Table 2. Km of PDEs

thumbnailFigure 6. Characterization of PDE activity and inhibitor potency. Panel A: Michaelis-Menten kinetics of recombinant LmjPDEB2 with 3H-cAMP as substrate. Panel B: reaction in the presence of a 100-fold excess of unlabelled cGMP. Panel C: reaction in the presence of a 50-fold excess of unlabelled AMP. Inserts in A – C: corresponding Eadie-Hofstee plots. Panel D: Effect of PDE inhibitors on LmjPDEB2 activity (1 μM 3H-cAMP substrate, 100 μM inhibitor). 1, cilostamide; 2, zaprinast; 3, etazolate; 4, dipyridamole; 5, Ro-20-1724; 6, rolipram; 7, IBMX; 8, 8-methoxy-methyl-IBMX; 9, trequinsin; 10, papaverine; 11, milrinone; 12, pentoxifylline; 13, erythro-9-(2-hydroxy-3-nonyl)adenine (EHNA). Very similar results were obtained with LmjPDEB1.

Inhibitor profiling

As an initial survey, a number of commercially available inhibitors that are frequently used in cell biological studies were tested at a 100-fold excess over substrate (100 μM inhibitor vs 1 μM cAMP; Fig. 6D), using extracts from yeast cells expressing the recombinant PDEs. Most of the inhibitors tested (cilostamide, zaprinast, etazolate, dipyridamole, Ro-20-1724, rolipram, isobutyl-methylxanthine (IBMX), 8-methoxymethyl-IBMX, trequinsin, papaverine, milrinone, pentoxifylline, and erythro-9-(2-hydroxy-3-nonyl)adenine (EHNA) were essentially inactive, even at the high concentration used in these experiments. Only dipyridamole (IC50 = 29 μM), trequinsin (IC50 = 96 μM) and etazolate caused significant inhibition.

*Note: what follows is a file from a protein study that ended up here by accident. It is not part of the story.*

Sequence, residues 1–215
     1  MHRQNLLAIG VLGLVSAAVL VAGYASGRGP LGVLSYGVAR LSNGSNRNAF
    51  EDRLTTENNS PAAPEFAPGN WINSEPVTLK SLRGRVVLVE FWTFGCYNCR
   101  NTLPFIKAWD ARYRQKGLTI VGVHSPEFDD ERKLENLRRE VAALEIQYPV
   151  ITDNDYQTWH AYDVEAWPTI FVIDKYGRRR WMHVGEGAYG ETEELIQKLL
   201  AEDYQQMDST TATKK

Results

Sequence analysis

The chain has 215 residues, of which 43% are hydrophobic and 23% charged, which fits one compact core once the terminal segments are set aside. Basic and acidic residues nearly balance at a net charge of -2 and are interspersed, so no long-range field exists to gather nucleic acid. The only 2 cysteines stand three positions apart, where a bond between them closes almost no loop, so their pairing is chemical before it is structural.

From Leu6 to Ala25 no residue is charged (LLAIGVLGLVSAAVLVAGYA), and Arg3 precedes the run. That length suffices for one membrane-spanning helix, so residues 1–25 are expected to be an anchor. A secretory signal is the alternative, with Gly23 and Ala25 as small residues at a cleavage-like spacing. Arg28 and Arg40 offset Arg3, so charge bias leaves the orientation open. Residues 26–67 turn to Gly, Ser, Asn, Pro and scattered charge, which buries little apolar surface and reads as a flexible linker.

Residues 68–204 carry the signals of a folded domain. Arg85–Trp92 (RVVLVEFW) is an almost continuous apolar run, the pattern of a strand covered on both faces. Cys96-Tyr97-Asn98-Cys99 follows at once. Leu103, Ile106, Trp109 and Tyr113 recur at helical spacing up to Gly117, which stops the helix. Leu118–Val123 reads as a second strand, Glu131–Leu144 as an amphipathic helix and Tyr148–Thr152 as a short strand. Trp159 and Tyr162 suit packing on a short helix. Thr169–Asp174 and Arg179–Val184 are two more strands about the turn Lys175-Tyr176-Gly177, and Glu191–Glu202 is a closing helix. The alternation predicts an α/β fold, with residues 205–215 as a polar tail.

Inhibition of cell proliferation

Dipyridamole, etazolate and trequinsin were further tested for their effect on cell proliferation (Fig. 7). Promastigote cultures of L. major or amastigote cultures of L. infantum were grown in the presence of various concentrations of inhibitors, or in the presence of 1 % (v/v) dimethylsulfoxide as a control. All three compounds were strongly inhibitory (IC50 dipyridamole = 44.7 ± 12.2 μM; IC50 etazolate = 57.5 ± 27.0 μM; IC50 trequinsin = 43.6 ± 3.7 μM for promastigotes; and IC50 trequinsin = 10.2 ± 4.2 μM for amastigotes, respectively). All three inhibitors are markedly more potent than the frequently used, wide-spectrum PDE-inhibitor isobutyl-methyl-xanthine (1.03 ± 0.67 mM). The inhibitory effects were independent of cell density and were not reduced upon prolonged incubation of the culturesThese observations indicate that the inhibitors are metabolically stable, and that the PDEs may be of similar importance for proliferation of both promastigotes and amastigotes in culture.

thumbnailFigure 7. Inhibition of cell proliferation in culture. The EC50 values for L. major promastigote proliferation were determined for dipyridamole (panel A), etazolate (panel B) and trequinsin (panel C). Panel D represents an EC50 determination for trequinsin with L. infantum amastigotes. EC50 values were determined various time points and cell densities, and all growth experiments were repeated at least three times. Representative growth curves for each inhibitor are shown. EC50 values for all inhibitors were in the 30 – 100 μM range for both promastigotes and amastigotes.